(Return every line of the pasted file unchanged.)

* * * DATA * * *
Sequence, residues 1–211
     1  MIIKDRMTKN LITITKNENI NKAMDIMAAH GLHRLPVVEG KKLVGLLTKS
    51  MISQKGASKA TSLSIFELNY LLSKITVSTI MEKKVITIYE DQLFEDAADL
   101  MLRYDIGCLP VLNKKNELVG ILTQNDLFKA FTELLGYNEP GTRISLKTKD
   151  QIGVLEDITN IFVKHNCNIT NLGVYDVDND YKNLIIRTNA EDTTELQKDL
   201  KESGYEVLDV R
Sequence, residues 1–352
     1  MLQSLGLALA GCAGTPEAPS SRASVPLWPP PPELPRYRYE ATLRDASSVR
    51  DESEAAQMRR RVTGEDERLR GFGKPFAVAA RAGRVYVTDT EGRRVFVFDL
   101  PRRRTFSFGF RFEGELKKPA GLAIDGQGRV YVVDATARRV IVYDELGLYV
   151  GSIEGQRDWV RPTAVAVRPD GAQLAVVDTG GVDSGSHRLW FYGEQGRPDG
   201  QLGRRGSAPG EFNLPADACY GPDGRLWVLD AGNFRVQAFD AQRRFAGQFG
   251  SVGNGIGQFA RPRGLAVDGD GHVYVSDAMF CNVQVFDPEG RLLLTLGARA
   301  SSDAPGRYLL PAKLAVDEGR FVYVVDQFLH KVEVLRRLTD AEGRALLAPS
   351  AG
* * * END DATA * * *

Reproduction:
Sequence, residues 1–211
     1  MIIKDRMTKN LITITKNENI NKAMDIMAAH GLHRLPVVEG KKLVGLLTKS
    51  MISQKGASKA TSLSIFELNY LLSKITVSTI MEKKVITIYE DQLFEDAADL
   101  MLRYDIGCLP VLNKKNELVG ILTQNDLFKA FTELLGYNEP GTRISLKTKD
   151  QIGVLEDITN IFVKHNCNIT NLGVYDVDND YKNLIIRTNA EDTTELQKDL
   201  KESGYEVLDV R
Sequence, residues 1–352
     1  MLQSLGLALA GCAGTPEAPS SRASVPLWPP PPELPRYRYE ATLRDASSVR
    51  DESEAAQMRR RVTGEDERLR GFGKPFAVAA RAGRVYVTDT EGRRVFVFDL
   101  PRRRTFSFGF RFEGELKKPA GLAIDGQGRV YVVDATARRV IVYDELGLYV
   151  GSIEGQRDWV RPTAVAVRPD GAQLAVVDTG GVDSGSHRLW FYGEQGRPDG
   201  QLGRRGSAPG EFNLPADACY GPDGRLWVLD AGNFRVQAFD AQRRFAGQFG
   251  SVGNGIGQFA RPRGLAVDGD GHVYVSDAMF CNVQVFDPEG RLLLTLGARA
   301  SSDAPGRYLL PAKLAVDEGR FVYVVDQFLH KVEVLRRLTD AEGRALLAPS
   351  AG